A Compelling Drama
By MovieTalkies.com, 11 September 2009
Director Ashu Trikha has probably come with his best effort ever in Baabarr. This is a gangster film, but with a slight difference. In a sense, Trikha has not really broken new ground as this film too goes ahead and explores the deadly nexus between gangsters, politicians and cops, the unholy trinity, if one may call them that. However, the scene of crime changes as it is no more Mumbai and its various bhais, but the lanes and bylanes of Uttar Pradesh where most of these bhais and henchman grew up. It is no secret that their genesis can be traced back to the little hamlets in the hinterland of UP and Bihar. Amanganj, where the film is set.
Trikha excels in the manner in which he has managed to recreate the maze-like lanes and bylanes of small town UP and the creed by which the people live by, even small children. He captures the ethos and culture of these small halmet towns perfectly, where guns are a dime a dozen and human lives even cheaper. He also manages to depict a mindset where the hand holding the gun commands awe and respect, almost like that reserved for one's gods.
It is a rare filmmaker who has managed to go to the interiors and make such an authentic film. Trikha's strength, where this film is concerned, is the authenticity and the detailing which has gone into its making. He is to be lauded for that. Trikha has got his feel right as well the dialogues too have been well researched and written, as one gets a perfect flavour of Aman Ganj through them.
The film has been extremely well written and Ikram Akhtar and Trikha can take credit for that. What one does revolt against at times is the shoddiness of the execution in places. It is too raw in places or too clumsy. Violence is a constant factor in the film, at times obviously gruersome and blatant or running as a strong undercurrent at others. However, there is no taking away from the fact that the film is bound to have a powerful impact on the audience.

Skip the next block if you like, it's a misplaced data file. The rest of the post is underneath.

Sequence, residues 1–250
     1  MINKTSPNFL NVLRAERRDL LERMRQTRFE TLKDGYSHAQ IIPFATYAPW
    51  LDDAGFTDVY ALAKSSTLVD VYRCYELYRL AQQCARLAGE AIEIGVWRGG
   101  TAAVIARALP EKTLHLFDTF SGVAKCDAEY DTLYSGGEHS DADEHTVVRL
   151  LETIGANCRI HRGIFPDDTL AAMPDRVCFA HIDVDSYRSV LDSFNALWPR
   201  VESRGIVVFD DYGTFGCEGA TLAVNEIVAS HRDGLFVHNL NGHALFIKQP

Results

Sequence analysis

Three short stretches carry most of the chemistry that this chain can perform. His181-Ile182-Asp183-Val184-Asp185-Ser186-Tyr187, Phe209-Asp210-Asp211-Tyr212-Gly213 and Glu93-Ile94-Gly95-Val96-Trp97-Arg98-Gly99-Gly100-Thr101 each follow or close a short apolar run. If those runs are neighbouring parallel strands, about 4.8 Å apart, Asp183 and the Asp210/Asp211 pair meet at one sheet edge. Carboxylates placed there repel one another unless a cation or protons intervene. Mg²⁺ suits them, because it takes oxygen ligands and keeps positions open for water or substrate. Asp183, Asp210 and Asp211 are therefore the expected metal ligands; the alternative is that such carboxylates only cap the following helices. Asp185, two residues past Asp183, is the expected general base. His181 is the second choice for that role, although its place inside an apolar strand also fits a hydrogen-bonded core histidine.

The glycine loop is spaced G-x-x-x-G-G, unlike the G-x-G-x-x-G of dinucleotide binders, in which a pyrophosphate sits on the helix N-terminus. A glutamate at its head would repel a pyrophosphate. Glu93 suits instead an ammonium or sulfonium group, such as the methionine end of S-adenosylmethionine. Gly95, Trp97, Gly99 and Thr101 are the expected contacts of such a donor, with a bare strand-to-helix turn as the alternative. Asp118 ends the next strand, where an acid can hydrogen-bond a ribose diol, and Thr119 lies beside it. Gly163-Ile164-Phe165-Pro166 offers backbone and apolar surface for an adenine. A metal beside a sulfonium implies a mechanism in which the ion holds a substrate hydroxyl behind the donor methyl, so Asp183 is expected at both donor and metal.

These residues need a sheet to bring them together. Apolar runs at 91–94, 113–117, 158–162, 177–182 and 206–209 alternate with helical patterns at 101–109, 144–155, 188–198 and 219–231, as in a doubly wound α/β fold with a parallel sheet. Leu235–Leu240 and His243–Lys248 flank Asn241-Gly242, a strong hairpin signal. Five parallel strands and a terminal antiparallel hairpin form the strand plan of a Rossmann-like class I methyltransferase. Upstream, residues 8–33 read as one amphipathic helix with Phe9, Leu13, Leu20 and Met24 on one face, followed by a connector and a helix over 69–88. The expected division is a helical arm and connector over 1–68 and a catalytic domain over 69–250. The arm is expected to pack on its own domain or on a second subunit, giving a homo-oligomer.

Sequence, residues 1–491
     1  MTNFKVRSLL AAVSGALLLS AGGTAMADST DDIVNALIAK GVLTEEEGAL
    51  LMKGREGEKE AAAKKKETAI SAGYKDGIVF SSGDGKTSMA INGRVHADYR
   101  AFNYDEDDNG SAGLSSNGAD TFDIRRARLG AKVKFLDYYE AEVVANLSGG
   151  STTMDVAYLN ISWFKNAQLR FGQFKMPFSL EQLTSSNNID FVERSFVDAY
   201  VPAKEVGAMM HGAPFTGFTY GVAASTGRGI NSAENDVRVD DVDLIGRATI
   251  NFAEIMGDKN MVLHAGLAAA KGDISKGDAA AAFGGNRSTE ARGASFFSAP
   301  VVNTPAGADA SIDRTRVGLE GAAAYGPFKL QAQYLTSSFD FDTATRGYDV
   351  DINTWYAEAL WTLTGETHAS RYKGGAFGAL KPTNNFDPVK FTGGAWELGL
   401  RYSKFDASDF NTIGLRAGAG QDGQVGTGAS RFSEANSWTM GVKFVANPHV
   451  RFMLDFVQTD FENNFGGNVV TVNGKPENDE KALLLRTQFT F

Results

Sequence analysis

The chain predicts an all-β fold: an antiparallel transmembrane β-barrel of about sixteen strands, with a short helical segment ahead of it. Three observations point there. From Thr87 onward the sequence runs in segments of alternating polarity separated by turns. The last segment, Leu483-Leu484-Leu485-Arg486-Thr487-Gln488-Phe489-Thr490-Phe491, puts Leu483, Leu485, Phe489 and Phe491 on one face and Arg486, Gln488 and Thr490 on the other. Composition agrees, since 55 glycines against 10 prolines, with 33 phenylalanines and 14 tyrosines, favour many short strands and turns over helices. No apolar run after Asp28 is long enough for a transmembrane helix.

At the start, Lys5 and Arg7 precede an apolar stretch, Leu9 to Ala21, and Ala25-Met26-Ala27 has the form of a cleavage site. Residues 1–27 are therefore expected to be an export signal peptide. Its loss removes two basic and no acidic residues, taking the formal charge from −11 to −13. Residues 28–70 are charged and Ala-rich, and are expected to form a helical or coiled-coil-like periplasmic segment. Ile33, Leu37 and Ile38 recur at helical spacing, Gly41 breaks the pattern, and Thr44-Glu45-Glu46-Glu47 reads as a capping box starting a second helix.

Briefly, the film's story is about a 12 year old boy, who picks up a gun and shoots down a man in cold blood and then goes on to become Baabarr (Sohum Shah), of the most dreaded gunman in the state, with both the cops and the state government gunning for him. The government hands over Baabarr's case to an encounter specialist, played by Mithun Chakraborty, with orders to get him, dead or alive. He is assisted in his mission by another officer, as crooked as they come, played delightfully by Om Puri. The other main character in the movie is Baabarr's rival, Tabrez (Sushant Singh).
One of the aces that Trikha has managed to pull out of his cap has definitely been actor Sohum Shah. His being an unknown face helps as there is a certain freshness with which he attacks his role. He is definitely very effective and lives up to the aura created around the character of Baabarr.
However, the most outstanding performance comes from Om Puri. It is a perfect example of a nuanced performance. In contrast, Mithun seems to play it very straight, with absolutely no colour and looks quite bland opposite Puri. But it would still rank as one of better performances in these times. In fact, this film sees a lot of character actors displaying good performances like Tinnu Anand and Shakti Kapoor. Sushant Singh, another powerful actor, too does not disappoint. In fact, the entire cast delivers with effective performances and that includes Urvashi Sharma, Mukesh Tiwari and Govind Namdeo.
Even though one may not quite agree with Trikha's handling of certain scenes, one cannot take away from the fact, that he tells a very honest and compelling story, however, dark and violent. Despite the presence of an element of crudity and clumsiness, it is, at the end of the day, a well made movie. One must make special mention of cinematographer, Suhas Gujarathi, who does an excellent job in this movie.
Baabarr is not a classy effort, but the film will stand out for its honesty and integrity to its subject.